This is scope creep, isn't it? The way to an eternal project that never finishes. I was reading one of my prior posts where I mentioned wanting to make Crimsonland in space and remember liking the concept as being light and deliverable in a reasonable effort without being immense. Every time I think of something new, it scales up the scope of the game and I need to stop that. I should revisit my original, more feasible, idea of making a smaller fun game. I should put together a game design document for that and try to stick to it.

I'm also scattering my attention by trying to learn how to KitBash with Krita. The free art assets I got through Unity look like cardboard cutouts. After a couple evenings of learning and playing with color blending and layering, I've been able to make a single ship that look better than the originals out of pieces of the original - and I still have a lot to learn.
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Kasey Chang
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Re: Indie Game Development - First Steps?

Post by Kasey Chang »

Blog all that? :)

Yes, it's scope creep. Nothing wrong with trying to keep your original scope and think about adding stuff later.

You need different AI for different ships as they have different target priorities depending on tactical situations.
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Paingod
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Re: Indie Game Development - First Steps?

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I've been considering it, but time is short in my days typically between working 40+ hours, kids, the wife, dogs, sleep, school, and Unity time. Tacking on another "thing" to do every day isn't easy to fit in there - but I know it's a valuable tool. A few marketing videos I've seen for developers talk about people picking up their games from their development blogs.

I am keeping a development journal, though. What I research or accomplish each day as well as how long it took. I suppose that as long as no one's looking for me to wax poetic for 3 pages on my thoughts about life, the universe, and everything it would be just as easy to post those notes online.
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Kasey Chang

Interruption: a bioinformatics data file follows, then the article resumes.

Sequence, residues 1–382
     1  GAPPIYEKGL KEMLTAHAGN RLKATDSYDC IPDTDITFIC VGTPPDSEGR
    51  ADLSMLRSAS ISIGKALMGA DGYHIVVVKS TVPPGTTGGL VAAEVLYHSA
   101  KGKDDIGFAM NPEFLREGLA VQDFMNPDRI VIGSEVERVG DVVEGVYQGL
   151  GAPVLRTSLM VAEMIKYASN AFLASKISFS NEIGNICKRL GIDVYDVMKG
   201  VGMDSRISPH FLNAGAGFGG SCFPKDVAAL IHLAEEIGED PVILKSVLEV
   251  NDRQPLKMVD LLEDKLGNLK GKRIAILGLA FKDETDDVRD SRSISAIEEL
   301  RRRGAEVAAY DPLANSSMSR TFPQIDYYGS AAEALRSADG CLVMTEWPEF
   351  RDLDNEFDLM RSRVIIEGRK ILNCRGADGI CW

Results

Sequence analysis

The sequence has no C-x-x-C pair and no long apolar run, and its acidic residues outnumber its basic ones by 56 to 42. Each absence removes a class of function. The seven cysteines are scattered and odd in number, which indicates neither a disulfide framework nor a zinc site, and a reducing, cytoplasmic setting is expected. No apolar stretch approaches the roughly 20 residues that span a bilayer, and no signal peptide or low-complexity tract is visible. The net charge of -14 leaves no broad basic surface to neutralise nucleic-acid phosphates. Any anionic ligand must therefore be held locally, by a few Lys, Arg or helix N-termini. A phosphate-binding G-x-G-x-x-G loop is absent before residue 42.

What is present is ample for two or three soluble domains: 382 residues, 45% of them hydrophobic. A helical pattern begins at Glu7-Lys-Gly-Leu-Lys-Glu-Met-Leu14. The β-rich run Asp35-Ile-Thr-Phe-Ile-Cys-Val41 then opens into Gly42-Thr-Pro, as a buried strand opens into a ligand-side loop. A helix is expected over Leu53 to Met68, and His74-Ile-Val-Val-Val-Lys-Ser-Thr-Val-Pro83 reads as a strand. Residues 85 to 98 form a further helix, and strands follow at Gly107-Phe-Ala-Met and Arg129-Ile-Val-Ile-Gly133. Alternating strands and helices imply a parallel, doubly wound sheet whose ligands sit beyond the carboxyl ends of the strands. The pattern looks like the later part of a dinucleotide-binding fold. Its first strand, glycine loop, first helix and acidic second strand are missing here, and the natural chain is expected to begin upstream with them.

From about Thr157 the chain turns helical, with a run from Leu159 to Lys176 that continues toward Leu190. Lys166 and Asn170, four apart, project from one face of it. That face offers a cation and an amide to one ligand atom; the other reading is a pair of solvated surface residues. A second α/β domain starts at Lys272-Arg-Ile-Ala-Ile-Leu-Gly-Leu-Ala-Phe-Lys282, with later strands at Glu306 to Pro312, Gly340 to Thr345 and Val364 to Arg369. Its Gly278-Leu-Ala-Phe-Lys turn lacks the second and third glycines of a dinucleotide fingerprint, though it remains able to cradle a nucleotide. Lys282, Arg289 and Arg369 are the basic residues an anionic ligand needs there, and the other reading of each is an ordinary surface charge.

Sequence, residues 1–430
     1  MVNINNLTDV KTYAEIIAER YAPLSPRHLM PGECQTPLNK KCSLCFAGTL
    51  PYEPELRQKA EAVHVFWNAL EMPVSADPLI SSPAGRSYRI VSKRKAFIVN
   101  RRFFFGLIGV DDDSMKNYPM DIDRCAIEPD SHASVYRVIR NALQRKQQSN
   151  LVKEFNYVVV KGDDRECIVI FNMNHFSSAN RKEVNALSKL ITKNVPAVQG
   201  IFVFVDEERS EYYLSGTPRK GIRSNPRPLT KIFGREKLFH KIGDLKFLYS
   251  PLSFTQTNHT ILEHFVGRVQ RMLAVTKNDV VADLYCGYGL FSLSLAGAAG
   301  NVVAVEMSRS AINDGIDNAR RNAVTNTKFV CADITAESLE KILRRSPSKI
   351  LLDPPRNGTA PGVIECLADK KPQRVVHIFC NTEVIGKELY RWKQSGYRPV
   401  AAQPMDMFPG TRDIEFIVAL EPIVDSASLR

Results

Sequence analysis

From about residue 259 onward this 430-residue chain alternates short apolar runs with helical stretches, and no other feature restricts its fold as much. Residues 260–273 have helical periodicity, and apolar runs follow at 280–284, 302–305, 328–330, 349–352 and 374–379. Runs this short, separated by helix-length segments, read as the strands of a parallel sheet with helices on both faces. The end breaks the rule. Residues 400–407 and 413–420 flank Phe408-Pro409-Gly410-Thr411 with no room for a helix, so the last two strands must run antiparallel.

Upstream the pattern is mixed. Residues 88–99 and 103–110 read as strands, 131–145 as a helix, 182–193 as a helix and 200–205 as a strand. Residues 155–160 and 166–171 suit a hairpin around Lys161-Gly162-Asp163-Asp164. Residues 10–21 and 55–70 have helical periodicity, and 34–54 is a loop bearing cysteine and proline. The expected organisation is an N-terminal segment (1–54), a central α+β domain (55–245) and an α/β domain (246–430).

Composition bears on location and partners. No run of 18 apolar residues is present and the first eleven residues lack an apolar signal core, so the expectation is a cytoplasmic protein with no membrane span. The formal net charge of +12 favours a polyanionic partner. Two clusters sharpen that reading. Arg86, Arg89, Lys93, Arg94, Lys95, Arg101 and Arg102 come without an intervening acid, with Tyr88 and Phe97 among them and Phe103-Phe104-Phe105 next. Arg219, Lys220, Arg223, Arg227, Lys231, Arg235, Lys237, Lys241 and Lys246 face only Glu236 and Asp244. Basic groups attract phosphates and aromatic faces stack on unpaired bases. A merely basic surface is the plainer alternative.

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Re: Indie Game Development - First Steps?

Post by Kasey Chang »

I was just thinking about AI. You got the fighter AI down: point the nose at the enemy. Though you may consider having the fighters also want to stick with each other, i.e. tend also to follow the leader.

As for capships, I'd say it depends on your firing arcs. If you have basically a bilateral firing arc (half shoot right and half shoot left) then the AI should just seek to put half enemies on left and half enemies on right so max firepower can be used. But if weapon distribution's a bit different... Then its tactics will also be different.
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Paingod
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Re: Indie Game Development - First Steps?

Post by Paingod »

Kasey Chang wrote:
Tue Jul 14, 2020 4:13 am
I was just thinking about AI. You got the fighter AI down: point the nose at the enemy. Though you may consider having the fighters also want to stick with each other, i.e. tend also to follow the leader.

As for capships, I'd say it depends on your firing arcs. If you have basically a bilateral firing arc (half shoot right and half shoot left) then the AI should just seek to put half enemies on left and half enemies on right so max firepower can be used. But if weapon distribution's a bit different... Then its tactics will also be different.
I've got the programming in place to trigger things that happen within a defined arc, and it's a module I can stick into any component on the ship and have it work with a little tinkering and adjustment.

What I need to do for smaller ships (anything that fights facing forward) is to try and have them move towards where the player is moving, not where the player is at that point in time. They'll never hit you if they're always aiming at where you were when they pulled the trigger. I also need to introduce some weapon aiming variation so high-volume weapons don't just pepper someone with perfect accuracy. I do want to have fighter wings stick together, too, and remain somewhat close to larger ships so they don't all just trail off in an easy to dispatch congo line of ships moving at different speeds.

Last night I compiled a list of features in gameplay I want to implement. The general theme I want to go for is like Crimsonland in Space; a more hectic shooter - with a splash of RPG and customization in there.
  • Keep track of a player scoreboard so you can try and beat your own best scores with different ships.
  • Customization of player ships when you launch; you define the initial loadout, purchased with 'scrap' collected during the previous run - kind of a way to jump-start a run so you're not always starting at square one.